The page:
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#BTBYC Q&A: Black Beauty Fashionista, Symone Keisha

I, like a lot of you out there, love Fashion, I love how what you wear can change your mood, inspire yourself and others. Fashion can make you feel invincible. The history of fashion is fascinating and has helped identify and makes up part of the identity of whole communities throughout the ages.
My special guest today is, the very beautiful and talented, Symone Keisha

1)    Hi Symone, walk me through the step-by-step process that you went through to get to where you are today.

As of now, I work as a freelance stylist and fashion writer and my first step into fashion was when I started writing fashion week reviews for independent online magazines. From there, I continued blogging and got my ‘first fashion job’ at Miss Selfridge on the editorial and social team. Not long after that, I started freelancing and working for different brands so the idea of styling came to me pretty organically.

2) What would you say has been your greatest achievement?

Writing for various brands is definitely one of them and styling for print and online publications is definitely another.

3) Being a businesswoman like yourself, is rewarding but can be so exhausting. What gives you the drive to continue with your passion?

I’ve always been very dedicated in regards to my career and what I decide to spend my time on so I feel like the ability to keep on driving forward is a natural thing for me. The thought of not achieving what I want in life is enough to keep me focused.

4) Do you think there is enough of a presence of black women in the Beauty, lifestyle, fashion and Hair industry in the UK?

No and to be honest, I don’t see a noticeable amount of change happening anytime soon. I love that there are individuals such as bloggers and female collectives that are paving a way for themselves but whether it will reach mainstream media, I’m just not sure.

5) If yes, at what point in time did you begin to feel that way or have you always felt that way? If no, what do you think is needed for this to change?

The problem isn’t that there aren’t enough black women in these industries, I think the problem is that the people at the top of these industries just aren’t giving black women the opportunities.

6) I would say everyone I know has a hair story, from the first perm to that pink hair dye experiment that still makes you cringe! :-) What hair stories do you have?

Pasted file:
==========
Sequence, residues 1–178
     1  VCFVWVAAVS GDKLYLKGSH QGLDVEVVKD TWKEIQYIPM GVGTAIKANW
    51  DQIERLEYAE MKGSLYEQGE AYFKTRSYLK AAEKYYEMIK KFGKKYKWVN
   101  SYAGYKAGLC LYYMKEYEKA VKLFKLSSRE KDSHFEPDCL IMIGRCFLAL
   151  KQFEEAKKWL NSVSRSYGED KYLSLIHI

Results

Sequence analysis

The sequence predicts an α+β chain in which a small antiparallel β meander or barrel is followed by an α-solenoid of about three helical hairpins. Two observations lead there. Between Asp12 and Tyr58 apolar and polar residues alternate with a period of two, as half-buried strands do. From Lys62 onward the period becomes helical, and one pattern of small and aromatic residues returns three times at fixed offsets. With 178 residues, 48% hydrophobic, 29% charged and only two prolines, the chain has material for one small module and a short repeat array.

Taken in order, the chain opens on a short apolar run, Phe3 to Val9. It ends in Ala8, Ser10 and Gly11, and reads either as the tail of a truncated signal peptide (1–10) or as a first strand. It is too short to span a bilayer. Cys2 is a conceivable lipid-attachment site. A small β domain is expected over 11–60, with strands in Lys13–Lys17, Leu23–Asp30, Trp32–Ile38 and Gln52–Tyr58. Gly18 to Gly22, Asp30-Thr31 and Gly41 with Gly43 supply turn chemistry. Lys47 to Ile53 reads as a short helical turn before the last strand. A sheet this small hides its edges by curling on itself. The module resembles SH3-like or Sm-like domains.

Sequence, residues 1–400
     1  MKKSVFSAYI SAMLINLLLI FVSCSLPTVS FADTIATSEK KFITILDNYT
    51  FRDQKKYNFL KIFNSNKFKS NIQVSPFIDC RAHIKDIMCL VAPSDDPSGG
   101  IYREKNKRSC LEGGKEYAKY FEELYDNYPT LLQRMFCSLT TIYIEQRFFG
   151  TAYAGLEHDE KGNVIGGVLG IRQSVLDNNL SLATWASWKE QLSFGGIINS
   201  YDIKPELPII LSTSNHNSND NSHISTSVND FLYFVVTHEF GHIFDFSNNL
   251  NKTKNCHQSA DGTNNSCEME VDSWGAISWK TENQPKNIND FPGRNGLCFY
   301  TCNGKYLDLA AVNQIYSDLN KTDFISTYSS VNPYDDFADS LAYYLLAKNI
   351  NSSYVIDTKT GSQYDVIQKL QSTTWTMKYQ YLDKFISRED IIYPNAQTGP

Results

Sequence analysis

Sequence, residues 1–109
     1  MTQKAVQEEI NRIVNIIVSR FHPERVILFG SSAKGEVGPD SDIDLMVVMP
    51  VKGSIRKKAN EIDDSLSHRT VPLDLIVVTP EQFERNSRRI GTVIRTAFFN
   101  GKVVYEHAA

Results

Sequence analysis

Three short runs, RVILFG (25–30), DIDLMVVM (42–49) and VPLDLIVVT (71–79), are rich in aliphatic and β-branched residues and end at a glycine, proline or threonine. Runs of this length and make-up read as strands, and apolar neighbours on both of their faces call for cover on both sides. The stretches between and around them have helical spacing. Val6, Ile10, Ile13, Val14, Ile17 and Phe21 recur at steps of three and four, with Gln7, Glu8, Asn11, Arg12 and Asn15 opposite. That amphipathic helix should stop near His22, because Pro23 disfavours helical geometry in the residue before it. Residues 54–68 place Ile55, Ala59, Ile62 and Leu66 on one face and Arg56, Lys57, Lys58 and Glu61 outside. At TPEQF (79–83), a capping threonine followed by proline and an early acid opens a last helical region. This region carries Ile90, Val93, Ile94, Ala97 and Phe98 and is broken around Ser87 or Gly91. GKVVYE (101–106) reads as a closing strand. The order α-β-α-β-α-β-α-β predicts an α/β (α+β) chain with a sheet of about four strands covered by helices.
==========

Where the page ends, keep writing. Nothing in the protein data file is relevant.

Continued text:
I think my worst hair story has to go to the time that I thought that I’d actually be able to pull off bantu knots. Long story short - I couldn’t. It was around a year ago when I styled my hair in bantu knots for date night (yep, I chose a date to debut this really out there hairstyle). He laughed, I sulked and took them out in the bathroom and wore my hair out for the rest of the evening instead. Looking back, I really should have just done that from the beginning haha.

7) I have struggled with a lot of the imported, heavily Americanised beauty products we have access to in the UK.  As a woman of colour, have you found these hair & beauty products in the UK were geared towards you as a consumer?

I’ve been natural all of my life so I’ve had a really long and tiring relationship with the hair products available over here. What annoys me is that everything seems to promise the same thing but little to none actually do what they say. It’s taken a long time to figure it out but I’ve finally realised that the only things that work in my hair, and don’t damage it by blocking follicles, are simply Shea butter, coconut oil and water. Natural products all the way!

Make sure you check out Symone and her great blog!
Twitter: @symonekeisha
Instagram: Symonekeisha

This post first appeared on Being The Beautiful I Choose, please read the originial post: here

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#BTBYC Q&A: Black Beauty Fashionista, Symone Keisha


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